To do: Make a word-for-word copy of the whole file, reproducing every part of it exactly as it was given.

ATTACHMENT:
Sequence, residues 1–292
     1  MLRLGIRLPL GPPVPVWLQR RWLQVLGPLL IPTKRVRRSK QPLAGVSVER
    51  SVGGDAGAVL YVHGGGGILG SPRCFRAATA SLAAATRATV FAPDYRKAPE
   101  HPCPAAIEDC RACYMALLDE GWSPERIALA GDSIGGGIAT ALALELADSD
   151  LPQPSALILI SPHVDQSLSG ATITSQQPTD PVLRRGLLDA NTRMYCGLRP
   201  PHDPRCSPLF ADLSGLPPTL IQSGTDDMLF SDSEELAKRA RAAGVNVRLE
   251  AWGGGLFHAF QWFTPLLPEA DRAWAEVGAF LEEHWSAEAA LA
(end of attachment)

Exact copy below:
Sequence, residues 1–292
     1  MLRLGIRLPL GPPVPVWLQR RWLQVLGPLL IPTKRVRRSK QPLAGVSVER
    51  SVGGDAGAVL YVHGGGGILG SPRCFRAATA SLAAATRATV FAPDYRKAPE
   101  HPCPAAIEDC RACYMALLDE GWSPERIALA GDSIGGGIAT ALALELADSD
   151  LPQPSALILI SPHVDQSLSG ATITSQQPTD PVLRRGLLDA NTRMYCGLRP
   201  PHDPRCSPLF ADLSGLPPTL IQSGTDDMLF SDSEELAKRA RAAGVNVRLE
   251  AWGGGLFHAF QWFTPLLPEA DRAWAEVGAF LEEHWSAEAA LA